Sally Phillips' Down's syndrome documentary prompts fierce debate around screening and abortion
7 October 2016
Actress Sally Phillips with Halldora, who is from Iceland- where 100% of babies with Downs are now aborted following the introduction of NIPT. Photo: BBC
Popular actress Sally Phillips' documentary, "A World Without Down's Syndrome" has sparked intense debate, both about Down's syndrome itself and the new NIPT screening test.
The documentary, which aired on BBC2 on 5 October, set out to ask the question "What's so dreadful, to the world, about Down's syndrome?" Many have praised the show, with the Telegraph calling it "a forceful addition to the debate" and many blogs and articles sharing experiences of having children and siblings with the condition have appeared.
However, not all the reaction has been positive. Sarah Ditum, writing in the New Statesman, described it as "profoundly anti-choice", while Hadley Freeman opined in the Guardian that "it is genuinely shocking that BBC2 decided to screen a documentary with such a blatantly anti-choice message." The documentary also brought to light the negative attitudes that many people still hold towards Down's syndrome and disability in general. Katie Hopkins wrote in the Daily Mail that most mothers don't want a disabled child, and talked of mothers "being made prisoners by their disabled children."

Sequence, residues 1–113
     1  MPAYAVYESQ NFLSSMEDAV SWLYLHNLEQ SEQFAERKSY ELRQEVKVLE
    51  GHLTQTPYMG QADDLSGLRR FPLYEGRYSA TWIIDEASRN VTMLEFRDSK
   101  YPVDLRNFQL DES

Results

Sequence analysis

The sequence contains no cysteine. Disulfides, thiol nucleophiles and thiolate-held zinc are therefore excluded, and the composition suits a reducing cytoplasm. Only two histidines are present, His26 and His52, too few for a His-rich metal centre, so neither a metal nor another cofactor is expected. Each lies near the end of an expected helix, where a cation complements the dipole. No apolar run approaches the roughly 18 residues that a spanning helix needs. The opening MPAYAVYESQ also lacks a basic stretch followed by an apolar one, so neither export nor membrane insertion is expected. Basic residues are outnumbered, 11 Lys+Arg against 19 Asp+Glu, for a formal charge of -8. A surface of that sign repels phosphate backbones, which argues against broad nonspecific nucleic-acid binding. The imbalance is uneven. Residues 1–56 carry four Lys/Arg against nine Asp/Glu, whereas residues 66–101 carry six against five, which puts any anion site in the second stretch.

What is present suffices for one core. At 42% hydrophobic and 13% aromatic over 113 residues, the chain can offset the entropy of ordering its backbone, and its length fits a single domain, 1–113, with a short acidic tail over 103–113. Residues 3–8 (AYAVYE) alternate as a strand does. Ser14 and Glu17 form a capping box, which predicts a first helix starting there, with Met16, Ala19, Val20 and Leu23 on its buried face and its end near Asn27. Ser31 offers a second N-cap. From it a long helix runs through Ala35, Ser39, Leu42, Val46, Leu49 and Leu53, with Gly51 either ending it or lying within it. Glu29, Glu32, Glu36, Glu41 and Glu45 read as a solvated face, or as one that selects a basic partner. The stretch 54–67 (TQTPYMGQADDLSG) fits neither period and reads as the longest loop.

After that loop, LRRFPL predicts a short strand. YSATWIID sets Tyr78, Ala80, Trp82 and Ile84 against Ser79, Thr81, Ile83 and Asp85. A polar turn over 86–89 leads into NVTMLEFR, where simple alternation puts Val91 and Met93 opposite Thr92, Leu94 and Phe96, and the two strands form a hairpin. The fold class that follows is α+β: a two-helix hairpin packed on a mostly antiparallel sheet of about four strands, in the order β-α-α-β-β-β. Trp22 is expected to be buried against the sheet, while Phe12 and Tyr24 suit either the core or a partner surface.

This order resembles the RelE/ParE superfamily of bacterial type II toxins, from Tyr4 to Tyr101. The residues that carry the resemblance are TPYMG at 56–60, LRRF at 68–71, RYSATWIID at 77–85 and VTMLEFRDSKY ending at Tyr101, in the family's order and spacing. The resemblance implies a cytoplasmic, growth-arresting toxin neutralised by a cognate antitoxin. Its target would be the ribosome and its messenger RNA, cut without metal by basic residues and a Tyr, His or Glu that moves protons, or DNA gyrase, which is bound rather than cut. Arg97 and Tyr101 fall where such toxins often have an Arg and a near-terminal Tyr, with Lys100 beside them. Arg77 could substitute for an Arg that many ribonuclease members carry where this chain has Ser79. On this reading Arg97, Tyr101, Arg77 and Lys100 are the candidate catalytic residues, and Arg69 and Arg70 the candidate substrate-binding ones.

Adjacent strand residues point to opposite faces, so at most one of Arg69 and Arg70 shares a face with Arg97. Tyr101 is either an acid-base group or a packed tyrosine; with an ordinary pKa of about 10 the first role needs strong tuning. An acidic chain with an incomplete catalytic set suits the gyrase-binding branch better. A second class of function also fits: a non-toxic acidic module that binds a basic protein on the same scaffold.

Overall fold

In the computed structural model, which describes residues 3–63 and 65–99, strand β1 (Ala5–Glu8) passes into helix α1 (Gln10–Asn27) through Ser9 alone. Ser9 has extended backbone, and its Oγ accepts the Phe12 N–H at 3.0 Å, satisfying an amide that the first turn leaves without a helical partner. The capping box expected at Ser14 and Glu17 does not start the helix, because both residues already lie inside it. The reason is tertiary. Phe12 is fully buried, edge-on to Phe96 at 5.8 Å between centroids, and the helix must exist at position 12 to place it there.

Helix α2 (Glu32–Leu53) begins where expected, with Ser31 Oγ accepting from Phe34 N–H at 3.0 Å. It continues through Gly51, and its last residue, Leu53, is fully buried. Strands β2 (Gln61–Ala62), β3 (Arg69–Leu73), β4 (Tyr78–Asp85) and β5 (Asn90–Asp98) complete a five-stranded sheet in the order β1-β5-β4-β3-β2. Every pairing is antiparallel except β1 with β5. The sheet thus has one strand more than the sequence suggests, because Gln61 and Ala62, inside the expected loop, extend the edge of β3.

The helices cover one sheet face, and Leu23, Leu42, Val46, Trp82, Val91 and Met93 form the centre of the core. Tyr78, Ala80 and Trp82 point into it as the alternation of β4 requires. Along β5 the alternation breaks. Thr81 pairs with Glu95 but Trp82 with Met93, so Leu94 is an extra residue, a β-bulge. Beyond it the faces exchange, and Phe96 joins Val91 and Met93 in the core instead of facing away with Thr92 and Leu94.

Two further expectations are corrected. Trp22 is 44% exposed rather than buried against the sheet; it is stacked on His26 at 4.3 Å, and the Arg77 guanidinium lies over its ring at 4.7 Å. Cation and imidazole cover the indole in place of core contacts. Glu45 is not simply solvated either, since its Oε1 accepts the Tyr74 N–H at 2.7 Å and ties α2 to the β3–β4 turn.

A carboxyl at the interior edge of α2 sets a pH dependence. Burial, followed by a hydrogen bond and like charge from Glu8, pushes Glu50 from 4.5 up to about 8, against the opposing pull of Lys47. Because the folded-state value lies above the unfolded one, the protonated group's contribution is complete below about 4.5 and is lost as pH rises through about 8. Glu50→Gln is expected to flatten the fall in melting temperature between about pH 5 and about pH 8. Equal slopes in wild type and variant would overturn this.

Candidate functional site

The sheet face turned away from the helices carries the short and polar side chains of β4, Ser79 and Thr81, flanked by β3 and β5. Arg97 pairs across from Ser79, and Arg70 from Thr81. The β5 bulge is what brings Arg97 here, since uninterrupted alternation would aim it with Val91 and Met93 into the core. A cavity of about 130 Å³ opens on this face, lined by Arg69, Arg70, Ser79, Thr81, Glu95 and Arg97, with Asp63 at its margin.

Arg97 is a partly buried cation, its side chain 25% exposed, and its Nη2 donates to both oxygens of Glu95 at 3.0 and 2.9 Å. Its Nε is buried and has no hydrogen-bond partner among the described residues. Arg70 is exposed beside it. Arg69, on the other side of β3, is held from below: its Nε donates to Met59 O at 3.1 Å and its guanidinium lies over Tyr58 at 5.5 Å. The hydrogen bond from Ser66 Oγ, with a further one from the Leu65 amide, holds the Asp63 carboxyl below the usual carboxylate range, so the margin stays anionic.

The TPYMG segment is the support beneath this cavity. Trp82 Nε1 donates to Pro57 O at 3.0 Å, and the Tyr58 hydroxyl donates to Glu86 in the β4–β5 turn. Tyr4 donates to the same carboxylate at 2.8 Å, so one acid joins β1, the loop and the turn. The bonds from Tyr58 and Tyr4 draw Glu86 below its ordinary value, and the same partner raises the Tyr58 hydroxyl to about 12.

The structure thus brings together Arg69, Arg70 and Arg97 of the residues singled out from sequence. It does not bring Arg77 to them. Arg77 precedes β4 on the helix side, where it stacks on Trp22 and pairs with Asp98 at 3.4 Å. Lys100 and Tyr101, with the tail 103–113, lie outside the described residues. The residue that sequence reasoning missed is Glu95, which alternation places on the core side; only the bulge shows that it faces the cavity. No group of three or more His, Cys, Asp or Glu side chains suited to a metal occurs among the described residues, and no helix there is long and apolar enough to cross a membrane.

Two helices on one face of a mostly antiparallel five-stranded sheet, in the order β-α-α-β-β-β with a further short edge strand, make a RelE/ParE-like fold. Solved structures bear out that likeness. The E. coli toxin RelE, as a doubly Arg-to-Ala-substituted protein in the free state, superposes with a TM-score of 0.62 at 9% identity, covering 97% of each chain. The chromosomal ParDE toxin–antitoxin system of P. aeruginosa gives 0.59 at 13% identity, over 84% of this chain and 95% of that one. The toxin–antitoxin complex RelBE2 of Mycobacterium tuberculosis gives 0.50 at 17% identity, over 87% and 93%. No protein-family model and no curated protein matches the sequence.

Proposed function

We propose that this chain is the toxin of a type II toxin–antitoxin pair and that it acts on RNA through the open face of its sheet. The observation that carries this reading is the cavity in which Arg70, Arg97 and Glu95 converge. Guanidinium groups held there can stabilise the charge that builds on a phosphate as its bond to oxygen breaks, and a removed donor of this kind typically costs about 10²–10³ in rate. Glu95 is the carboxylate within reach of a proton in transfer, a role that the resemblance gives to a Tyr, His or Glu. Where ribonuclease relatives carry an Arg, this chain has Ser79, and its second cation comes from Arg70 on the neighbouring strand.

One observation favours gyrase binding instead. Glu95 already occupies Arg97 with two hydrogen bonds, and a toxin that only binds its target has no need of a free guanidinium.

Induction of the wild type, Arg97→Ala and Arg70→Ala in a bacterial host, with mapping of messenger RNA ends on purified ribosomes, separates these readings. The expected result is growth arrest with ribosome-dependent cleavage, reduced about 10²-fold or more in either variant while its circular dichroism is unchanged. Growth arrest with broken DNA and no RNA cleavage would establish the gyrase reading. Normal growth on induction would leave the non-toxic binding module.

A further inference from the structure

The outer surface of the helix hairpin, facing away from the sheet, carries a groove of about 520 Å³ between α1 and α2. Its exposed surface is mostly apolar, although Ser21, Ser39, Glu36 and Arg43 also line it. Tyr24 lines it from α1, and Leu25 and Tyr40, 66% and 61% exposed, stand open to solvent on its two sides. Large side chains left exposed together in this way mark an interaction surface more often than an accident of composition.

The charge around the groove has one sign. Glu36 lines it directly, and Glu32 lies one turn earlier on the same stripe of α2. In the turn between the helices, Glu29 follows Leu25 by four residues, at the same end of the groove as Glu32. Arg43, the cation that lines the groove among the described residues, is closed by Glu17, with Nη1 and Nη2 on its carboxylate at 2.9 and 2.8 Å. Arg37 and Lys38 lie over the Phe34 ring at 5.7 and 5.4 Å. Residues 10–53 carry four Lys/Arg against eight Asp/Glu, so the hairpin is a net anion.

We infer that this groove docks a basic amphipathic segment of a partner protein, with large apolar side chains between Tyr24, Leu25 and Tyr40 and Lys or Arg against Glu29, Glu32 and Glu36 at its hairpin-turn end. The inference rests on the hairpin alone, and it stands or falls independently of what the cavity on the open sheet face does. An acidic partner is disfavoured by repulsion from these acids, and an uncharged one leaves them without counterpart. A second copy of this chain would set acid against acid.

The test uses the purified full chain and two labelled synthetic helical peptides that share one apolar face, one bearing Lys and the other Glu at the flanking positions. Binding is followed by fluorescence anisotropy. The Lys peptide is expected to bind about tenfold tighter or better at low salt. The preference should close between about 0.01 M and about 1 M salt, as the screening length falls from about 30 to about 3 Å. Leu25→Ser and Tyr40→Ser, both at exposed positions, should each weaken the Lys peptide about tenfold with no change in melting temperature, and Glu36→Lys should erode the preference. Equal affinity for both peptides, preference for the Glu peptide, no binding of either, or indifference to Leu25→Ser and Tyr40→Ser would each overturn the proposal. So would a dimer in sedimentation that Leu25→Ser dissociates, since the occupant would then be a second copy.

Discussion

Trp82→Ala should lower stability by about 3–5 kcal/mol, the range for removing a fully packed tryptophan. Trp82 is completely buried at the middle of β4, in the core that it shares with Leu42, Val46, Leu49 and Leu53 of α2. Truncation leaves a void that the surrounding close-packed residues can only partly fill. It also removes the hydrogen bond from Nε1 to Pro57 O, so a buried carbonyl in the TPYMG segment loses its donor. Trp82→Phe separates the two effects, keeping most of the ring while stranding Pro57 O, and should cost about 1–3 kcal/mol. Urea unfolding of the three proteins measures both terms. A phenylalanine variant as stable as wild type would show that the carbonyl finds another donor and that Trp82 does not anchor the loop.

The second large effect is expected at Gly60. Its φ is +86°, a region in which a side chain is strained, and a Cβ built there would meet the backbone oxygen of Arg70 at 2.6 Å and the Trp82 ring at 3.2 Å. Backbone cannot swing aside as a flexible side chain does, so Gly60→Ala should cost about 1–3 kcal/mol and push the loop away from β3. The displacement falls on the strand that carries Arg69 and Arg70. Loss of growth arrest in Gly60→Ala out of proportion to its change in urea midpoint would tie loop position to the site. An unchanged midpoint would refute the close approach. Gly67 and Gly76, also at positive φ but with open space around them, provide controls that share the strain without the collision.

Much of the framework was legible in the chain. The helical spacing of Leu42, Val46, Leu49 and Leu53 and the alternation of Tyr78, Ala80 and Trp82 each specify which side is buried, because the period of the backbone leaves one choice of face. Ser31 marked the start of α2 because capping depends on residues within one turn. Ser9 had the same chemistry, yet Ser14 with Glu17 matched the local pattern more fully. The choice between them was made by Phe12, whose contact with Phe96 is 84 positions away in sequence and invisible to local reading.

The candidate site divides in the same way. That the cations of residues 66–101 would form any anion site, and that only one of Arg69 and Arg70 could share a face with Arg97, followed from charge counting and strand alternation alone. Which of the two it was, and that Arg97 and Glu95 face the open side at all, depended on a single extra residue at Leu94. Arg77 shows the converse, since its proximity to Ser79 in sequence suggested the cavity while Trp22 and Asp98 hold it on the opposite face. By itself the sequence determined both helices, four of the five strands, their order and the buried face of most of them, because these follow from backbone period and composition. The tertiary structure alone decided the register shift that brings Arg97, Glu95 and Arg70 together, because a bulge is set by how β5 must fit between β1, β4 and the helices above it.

"Majority want repeal of the Eighth Amendment" says poll
According to an Irish Times/Ipsos MRBI poll, 55% of Irish voters are in favour of changing the constitution to allow for abortion in "limited circumstances", with a further 19% advocating a British style situation.
18% said that the Eighth amendment, which protects the equal right to life of mother and baby, should not be repealed, and 8% had no opinion.
The poll also revealed that women were more in favour of retaining the Eighth amendmend and were also less likely than men to favour an abortion regime in the British model.
Poland's parliament rejects stricter abortion law
The Polish parliament has voted down a citizens' bill which sought to ban abortion in all circumstances except when the mother’s life was at risk. MPs voted to reject the bill by 352 votes to 58.
The ruling Law and Justice Party (PiS) had not sponsored the bill, but many of its MPs had initially voted to back it. The government distanced itself from the proposals after protests across Poland on Monday.
Muted reaction to Channel 4 Dispatches' attack on pavement counsellors
There has been little media reaction to Channel 4's "Undercover: Britain's Abortion Extremists", which attacked British groups who engage in public pro-life witness, such as Abort67, 40 Days for Life, and the Good Counsel Network.
Coverage agreeing with the premise of the programme has been limited to a few short reviews. However, Tom Utley has written in the Daily Mail that watching the show, "complete with wobbly camera shots and fuzzy recordings with subtitles...you might be forgiven for concluding that The Good Counsel Network was an dangerous as a Colombian drug cartel of the Russian mafia." Instead, he says, "it is a group of kind and well-meaning Christians...which seeks to offer women practical support and advice on alternatives to abortion."